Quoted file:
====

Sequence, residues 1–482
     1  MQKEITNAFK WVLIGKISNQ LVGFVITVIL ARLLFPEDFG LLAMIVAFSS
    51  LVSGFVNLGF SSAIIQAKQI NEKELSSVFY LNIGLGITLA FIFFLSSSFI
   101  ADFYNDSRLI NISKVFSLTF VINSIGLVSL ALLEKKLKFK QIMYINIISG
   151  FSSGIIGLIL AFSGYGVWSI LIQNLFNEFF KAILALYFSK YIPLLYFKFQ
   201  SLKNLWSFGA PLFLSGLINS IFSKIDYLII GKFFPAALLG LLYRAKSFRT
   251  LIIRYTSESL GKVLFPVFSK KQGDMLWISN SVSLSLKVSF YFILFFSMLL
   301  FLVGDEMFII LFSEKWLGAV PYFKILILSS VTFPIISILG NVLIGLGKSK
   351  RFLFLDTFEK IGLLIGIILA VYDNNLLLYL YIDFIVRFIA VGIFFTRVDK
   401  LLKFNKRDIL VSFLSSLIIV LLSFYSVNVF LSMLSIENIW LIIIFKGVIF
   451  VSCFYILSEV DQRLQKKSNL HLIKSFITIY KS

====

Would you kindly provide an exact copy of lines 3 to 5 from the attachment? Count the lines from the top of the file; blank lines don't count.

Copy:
    51  LVSGFVNLGF SSAIIQAKQI NEKELSSVFY LNIGLGITLA FIFFLSSSFI
   101  ADFYNDSRLI NISKVFSLTF VINSIGLVSL ALLEKKLKFK QIMYINIISG
   151  FSSGIIGLIL AFSGYGVWSI LIQNLFNEFF KAILALYFSK YIPLLYFKFQ